Omnivores. Making up only 8 percent of all mobile users and 14 percent of smartphone users, Omnivores are the smallest yet most dynamic segment – as well as the youngest, with 75 percent under 35. They are by far the biggest data consumers, accounting for almost two-thirds of total data volumes. They spend up to ten times longer per day on data-enabled mobile activities than Traditionalists. Unlike Entertainers and Practicals, however, they also heavily use traditional voice. And they are big spenders – not just on monthly voice and data services, but on a host of digital products (apps, books, music, etc.), spending seven times more than Traditionalists.

While Traditionalists represent the largest segment by number, they account for only a small share of the data revenue opportunity. Entertainers and Practicals spend about 50 percent more per month than Traditionalists. Omnivores spend 80 percent more. Since value is distributed unequally, many mobile network operators (MNOs) that fail to adopt a sufficiently granular segmentation driven by data usage will not have optimally priced offerings. Considering their openness to large data plans and relative insensitivity to price, Omnivores may very well represent the biggest value potential for MNOs.

Segment-driven products, pricing, and up-selling

Given the imbalance in data usage and value among smartphone users, MNOs would be well advised to go beyond the traditional “SMS-voicedata” services portfolio and think much more specifically about how to develop offerings that speak directly and powerfully to members in a specific user segment. Some of the most successful strategies have come from operators who have restructured their mobile portfolios to up-sell on data and services variables on top of a foundation built on the willingness of various segments to pay (Exhibit 3). Targeting Entertainers and Practicals, for instance, operators might put forward speed, special phone features, an apps budget, and multi-SIM services. For Traditionalists – for whom price and voice are essential – operators should focus, for example, on targeting them with lowerend phones and service bundles with limited data.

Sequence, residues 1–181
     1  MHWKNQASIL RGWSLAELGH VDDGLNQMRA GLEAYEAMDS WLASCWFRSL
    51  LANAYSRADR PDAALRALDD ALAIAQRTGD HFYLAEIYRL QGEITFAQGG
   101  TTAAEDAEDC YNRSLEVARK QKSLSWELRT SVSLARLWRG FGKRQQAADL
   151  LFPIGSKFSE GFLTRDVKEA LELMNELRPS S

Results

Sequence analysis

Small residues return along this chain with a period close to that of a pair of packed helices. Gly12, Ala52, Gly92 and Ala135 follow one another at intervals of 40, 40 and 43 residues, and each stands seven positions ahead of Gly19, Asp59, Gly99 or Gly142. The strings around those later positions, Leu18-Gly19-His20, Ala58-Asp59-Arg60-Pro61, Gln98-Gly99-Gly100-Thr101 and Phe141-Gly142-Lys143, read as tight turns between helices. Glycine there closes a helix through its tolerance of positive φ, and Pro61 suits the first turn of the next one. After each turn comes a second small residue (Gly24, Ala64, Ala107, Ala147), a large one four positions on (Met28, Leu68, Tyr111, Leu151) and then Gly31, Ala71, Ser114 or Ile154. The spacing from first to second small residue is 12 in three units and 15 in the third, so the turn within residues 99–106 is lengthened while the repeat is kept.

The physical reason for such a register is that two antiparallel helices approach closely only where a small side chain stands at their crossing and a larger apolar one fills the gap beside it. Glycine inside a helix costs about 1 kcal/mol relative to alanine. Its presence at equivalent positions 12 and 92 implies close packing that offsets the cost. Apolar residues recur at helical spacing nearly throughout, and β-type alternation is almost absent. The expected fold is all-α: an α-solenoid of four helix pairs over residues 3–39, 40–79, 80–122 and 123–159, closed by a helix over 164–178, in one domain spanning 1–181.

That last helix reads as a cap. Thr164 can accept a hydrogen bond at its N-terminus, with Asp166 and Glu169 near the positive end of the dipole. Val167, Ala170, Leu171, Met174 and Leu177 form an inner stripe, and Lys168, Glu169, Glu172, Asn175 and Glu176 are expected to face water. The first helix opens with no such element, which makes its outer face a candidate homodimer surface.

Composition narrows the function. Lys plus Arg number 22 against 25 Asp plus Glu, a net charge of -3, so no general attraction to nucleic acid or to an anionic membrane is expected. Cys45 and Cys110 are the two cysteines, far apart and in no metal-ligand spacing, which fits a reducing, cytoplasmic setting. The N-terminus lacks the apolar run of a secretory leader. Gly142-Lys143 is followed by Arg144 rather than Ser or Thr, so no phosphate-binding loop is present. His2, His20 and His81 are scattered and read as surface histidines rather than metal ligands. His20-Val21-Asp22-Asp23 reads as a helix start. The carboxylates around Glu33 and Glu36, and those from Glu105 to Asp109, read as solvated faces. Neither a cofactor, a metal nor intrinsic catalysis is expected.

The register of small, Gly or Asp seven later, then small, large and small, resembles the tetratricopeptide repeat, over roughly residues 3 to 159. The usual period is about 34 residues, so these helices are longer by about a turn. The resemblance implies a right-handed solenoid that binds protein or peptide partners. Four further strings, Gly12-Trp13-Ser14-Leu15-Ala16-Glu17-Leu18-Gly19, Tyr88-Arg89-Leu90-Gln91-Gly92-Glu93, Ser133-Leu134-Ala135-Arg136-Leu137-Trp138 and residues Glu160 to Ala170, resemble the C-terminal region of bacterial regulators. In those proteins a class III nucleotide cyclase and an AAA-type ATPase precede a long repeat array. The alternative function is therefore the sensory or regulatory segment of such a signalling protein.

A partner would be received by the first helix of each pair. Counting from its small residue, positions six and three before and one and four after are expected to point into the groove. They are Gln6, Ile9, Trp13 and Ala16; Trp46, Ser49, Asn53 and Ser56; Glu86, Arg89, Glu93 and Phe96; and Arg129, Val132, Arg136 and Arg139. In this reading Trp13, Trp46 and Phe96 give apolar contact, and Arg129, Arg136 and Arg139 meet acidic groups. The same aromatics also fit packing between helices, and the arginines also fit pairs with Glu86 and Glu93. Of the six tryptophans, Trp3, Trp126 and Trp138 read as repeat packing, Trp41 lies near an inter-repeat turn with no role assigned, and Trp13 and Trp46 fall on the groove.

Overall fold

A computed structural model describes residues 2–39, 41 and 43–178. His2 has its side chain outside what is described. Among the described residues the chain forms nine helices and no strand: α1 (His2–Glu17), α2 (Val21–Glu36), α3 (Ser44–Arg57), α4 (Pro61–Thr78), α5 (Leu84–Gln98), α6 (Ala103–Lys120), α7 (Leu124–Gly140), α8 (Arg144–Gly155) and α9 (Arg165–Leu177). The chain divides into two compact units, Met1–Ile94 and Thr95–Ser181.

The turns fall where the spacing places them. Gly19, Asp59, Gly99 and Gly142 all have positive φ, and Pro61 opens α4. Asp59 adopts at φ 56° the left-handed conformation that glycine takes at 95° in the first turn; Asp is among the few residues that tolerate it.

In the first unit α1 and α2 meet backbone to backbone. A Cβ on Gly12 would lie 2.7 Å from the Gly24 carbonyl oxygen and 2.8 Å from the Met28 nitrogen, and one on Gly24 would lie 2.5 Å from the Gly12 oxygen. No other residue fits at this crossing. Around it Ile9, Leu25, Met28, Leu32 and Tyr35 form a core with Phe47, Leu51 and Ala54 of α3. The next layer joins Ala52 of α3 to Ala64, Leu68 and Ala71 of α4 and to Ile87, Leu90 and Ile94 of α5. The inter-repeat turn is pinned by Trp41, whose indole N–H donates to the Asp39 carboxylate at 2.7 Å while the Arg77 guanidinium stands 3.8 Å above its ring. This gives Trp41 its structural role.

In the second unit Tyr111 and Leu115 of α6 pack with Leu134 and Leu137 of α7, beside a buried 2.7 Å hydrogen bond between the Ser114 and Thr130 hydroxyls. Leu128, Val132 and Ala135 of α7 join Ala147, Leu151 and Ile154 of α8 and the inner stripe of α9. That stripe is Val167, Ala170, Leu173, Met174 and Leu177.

Based on McKinsey’s research, numerous elements beyond price and usage allowances can flow into more segmented offers with differential appeal: tiered data/speed ceilings, OTT access, multi-device sharing, content and apps, smartphone subsidization level, and tiered customer experience. Breaking down the elements of mobile data and being mindful of segment preferences and sensitivities, MNOs can look to a few categories to increase value within those segments with the biggest appetites for data.

Handset pricing. Even though the price of handsets is the single most important decision factor for all user segments, its relative importance is 33 percent higher for Traditionalists than for Omnivores. With careful construction of different subsidy and service level combinations, carriers could target each group to win share or improve margins. This would also provide an advantage on the cost side, since the advent of smartphones (over 60 percent penetration in major European countries and rising) has put strong pressure on operator’s gross margins since acquisition and retention costs have soared in recent years.

Multi-device bundling. Sharing a pool of data between multiple devices could hold value for some users. Omnivores and Entertainers show the highest interest – 30 and 26 percent respectively – and Omnivores are 54 percent more likely to consider multi-device data bundling as part of their next service plan. As tablets continue to proliferate, MNOs can expect the addressable pool of multidevice owners to increase.